Tags

Type your tag names separated by a space and hit enter

Veganism Is a Viable Alternative to Conventional Diet Therapy for Improving Blood Lipids and Glycemic Control.

Abstract

The American Diabetes Association (ADA) and the National Cholesterol Education Program (NCEP) have each outlined a set of dietary recommendations aimed at improving glycemic control and blood lipids, respectively. However, traditional vegan diets (low-fat diets that proscribe animal product consumption) are also effective at improving glycemic control, and dietary portfolios (vegan diets that contain prescribed amounts of plant sterols, viscous fibers, soy protein, and nuts) are also effective at improving blood lipids. The purpose of this review was to compare the effects of traditional vegan diets and dietary portfolios with ADA and NCEP diets on body weight, blood lipids, blood pressure, and glycemic control. The main findings are that traditional vegan diets appear to improve glycemic control better than ADA diets in individuals with type 2 diabetes mellitus (T2DM), while dietary portfolios have been consistently shown to improve blood lipids better than NCEP diets in hypercholesterolemic individuals.

Links

  • Publisher Full Text
  • Authors+Show Affiliations

    ,

    a Department of Kinesiology and Nutrition , University of Illinois at Chicago , Chicago , Illinois , USA.

    Source

    MeSH

    Blood Glucose
    Blood Pressure
    Body Weight
    Diabetes Mellitus, Type 2
    Diet, Vegan
    Humans
    Hyperglycemia
    Hyperlipidemias
    Lipids

    Pub Type(s)

    Journal Article
    Research Support, Non-U.S. Gov't
    Review

    Language

    eng

    PubMed ID

    24922183

    Citation

    Trepanowski, John F., and Krista A. Varady. "Veganism Is a Viable Alternative to Conventional Diet Therapy for Improving Blood Lipids and Glycemic Control." Critical Reviews in Food Science and Nutrition, vol. 55, no. 14, 2015, pp. 2004-13.
    Trepanowski JF, Varady KA. Veganism Is a Viable Alternative to Conventional Diet Therapy for Improving Blood Lipids and Glycemic Control. Crit Rev Food Sci Nutr. 2015;55(14):2004-13.
    Trepanowski, J. F., & Varady, K. A. (2015). Veganism Is a Viable Alternative to Conventional Diet Therapy for Improving Blood Lipids and Glycemic Control. Critical Reviews in Food Science and Nutrition, 55(14), pp. 2004-13. doi:10.1080/10408398.2012.736093.
    Trepanowski JF, Varady KA. Veganism Is a Viable Alternative to Conventional Diet Therapy for Improving Blood Lipids and Glycemic Control. Crit Rev Food Sci Nutr. 2015;55(14):2004-13. PubMed PMID: 24922183.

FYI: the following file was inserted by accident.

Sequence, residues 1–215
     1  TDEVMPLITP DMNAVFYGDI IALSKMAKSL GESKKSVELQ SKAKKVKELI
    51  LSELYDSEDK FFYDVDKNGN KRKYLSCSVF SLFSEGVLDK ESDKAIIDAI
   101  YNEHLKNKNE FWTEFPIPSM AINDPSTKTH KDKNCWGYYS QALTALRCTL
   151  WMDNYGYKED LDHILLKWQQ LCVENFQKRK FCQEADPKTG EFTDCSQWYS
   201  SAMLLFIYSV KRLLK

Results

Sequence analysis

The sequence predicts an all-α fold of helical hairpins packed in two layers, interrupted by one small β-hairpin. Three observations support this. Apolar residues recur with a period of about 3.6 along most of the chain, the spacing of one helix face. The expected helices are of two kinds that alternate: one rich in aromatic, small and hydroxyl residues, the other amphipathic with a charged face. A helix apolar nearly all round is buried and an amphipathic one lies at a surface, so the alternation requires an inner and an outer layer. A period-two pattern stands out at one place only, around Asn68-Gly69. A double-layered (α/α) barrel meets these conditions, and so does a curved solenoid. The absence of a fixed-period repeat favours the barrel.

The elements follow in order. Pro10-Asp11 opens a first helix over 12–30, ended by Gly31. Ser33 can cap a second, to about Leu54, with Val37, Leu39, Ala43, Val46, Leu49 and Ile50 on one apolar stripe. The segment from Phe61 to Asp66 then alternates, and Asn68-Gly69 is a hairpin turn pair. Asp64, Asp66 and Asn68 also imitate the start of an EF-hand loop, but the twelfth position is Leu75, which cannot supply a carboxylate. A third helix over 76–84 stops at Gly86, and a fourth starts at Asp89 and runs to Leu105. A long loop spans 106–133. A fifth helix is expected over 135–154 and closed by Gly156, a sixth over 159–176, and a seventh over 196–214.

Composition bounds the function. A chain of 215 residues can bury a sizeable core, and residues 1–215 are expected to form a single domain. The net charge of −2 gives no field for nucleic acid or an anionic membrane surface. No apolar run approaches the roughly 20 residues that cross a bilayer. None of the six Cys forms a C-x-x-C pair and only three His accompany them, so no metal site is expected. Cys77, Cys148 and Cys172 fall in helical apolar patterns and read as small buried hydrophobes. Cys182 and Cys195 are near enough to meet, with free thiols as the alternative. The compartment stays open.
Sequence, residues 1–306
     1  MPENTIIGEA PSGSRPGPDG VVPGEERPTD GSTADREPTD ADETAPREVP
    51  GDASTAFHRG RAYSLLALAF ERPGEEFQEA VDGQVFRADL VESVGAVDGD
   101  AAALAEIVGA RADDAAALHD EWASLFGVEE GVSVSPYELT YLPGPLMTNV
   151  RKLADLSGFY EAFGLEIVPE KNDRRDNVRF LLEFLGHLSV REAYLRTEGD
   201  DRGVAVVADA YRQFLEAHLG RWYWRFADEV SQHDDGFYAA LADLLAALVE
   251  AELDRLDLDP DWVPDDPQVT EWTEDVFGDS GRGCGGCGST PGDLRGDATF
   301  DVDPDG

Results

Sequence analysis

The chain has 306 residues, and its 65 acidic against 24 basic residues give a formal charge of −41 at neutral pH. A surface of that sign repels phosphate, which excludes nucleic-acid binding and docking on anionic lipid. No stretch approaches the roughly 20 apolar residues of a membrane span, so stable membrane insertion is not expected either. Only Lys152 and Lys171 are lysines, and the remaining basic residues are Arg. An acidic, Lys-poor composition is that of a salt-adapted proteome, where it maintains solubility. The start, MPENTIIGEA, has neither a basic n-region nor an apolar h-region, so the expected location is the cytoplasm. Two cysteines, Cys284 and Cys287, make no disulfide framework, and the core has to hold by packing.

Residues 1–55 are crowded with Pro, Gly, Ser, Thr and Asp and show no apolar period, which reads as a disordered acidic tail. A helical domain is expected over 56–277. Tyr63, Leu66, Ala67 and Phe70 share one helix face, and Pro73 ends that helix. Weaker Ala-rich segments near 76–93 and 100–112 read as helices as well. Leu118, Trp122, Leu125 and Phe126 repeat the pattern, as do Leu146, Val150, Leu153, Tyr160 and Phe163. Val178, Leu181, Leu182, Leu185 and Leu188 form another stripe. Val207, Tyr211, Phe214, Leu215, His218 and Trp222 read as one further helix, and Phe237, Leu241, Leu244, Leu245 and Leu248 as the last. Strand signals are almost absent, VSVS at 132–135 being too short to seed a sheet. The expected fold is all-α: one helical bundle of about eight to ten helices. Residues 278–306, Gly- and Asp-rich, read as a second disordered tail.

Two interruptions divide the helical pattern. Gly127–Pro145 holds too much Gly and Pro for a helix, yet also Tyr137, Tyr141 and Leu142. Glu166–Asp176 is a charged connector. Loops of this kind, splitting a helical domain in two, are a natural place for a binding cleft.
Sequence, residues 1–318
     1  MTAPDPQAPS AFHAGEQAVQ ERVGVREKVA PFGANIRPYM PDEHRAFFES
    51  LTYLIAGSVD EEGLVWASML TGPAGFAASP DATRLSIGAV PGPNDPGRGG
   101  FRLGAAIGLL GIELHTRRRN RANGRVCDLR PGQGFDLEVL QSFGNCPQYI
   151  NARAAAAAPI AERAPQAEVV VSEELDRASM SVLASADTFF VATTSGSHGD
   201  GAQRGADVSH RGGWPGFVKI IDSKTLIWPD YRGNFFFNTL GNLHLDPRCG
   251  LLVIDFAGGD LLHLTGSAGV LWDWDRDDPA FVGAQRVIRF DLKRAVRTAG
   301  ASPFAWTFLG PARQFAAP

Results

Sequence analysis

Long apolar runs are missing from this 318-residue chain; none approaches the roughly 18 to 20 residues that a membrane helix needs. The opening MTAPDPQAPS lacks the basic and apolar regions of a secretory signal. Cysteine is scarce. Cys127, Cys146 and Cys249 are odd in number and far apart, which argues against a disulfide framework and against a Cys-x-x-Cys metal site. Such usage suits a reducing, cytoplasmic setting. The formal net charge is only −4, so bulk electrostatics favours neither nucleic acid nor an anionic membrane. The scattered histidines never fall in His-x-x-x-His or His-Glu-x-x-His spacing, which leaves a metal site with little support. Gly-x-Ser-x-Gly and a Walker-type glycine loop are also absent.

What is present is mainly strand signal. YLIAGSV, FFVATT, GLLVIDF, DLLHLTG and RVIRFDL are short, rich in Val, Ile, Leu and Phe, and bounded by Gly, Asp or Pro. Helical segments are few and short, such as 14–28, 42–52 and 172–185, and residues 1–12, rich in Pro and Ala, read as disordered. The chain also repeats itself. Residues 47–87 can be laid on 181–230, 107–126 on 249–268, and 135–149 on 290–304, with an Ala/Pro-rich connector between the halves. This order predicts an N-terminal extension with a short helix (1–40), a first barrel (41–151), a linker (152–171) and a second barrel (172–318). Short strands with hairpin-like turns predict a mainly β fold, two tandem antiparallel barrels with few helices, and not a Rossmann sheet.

* Article titles in AMA citation format should be in sentence-case
    TY - JOUR T1 - Veganism Is a Viable Alternative to Conventional Diet Therapy for Improving Blood Lipids and Glycemic Control. AU - Trepanowski,John F, AU - Varady,Krista A, PY - 2014/6/13/entrez PY - 2014/6/13/pubmed PY - 2016/3/8/medline KW - Cardiovascular disease KW - blood pressure KW - body weight KW - type 2 diabetes SP - 2004 EP - 13 JF - Critical reviews in food science and nutrition JO - Crit Rev Food Sci Nutr VL - 55 IS - 14 N2 - The American Diabetes Association (ADA) and the National Cholesterol Education Program (NCEP) have each outlined a set of dietary recommendations aimed at improving glycemic control and blood lipids, respectively. However, traditional vegan diets (low-fat diets that proscribe animal product consumption) are also effective at improving glycemic control, and dietary portfolios (vegan diets that contain prescribed amounts of plant sterols, viscous fibers, soy protein, and nuts) are also effective at improving blood lipids. The purpose of this review was to compare the effects of traditional vegan diets and dietary portfolios with ADA and NCEP diets on body weight, blood lipids, blood pressure, and glycemic control. The main findings are that traditional vegan diets appear to improve glycemic control better than ADA diets in individuals with type 2 diabetes mellitus (T2DM), while dietary portfolios have been consistently shown to improve blood lipids better than NCEP diets in hypercholesterolemic individuals. SN - 1549-7852 UR - https://www.unboundmedicine.com/medline/citation/24922183/full_citation L2 - http://www.tandfonline.com/doi/full/10.1080/10408398.2012.736093 DB - PRIME DP - Unbound Medicine ER -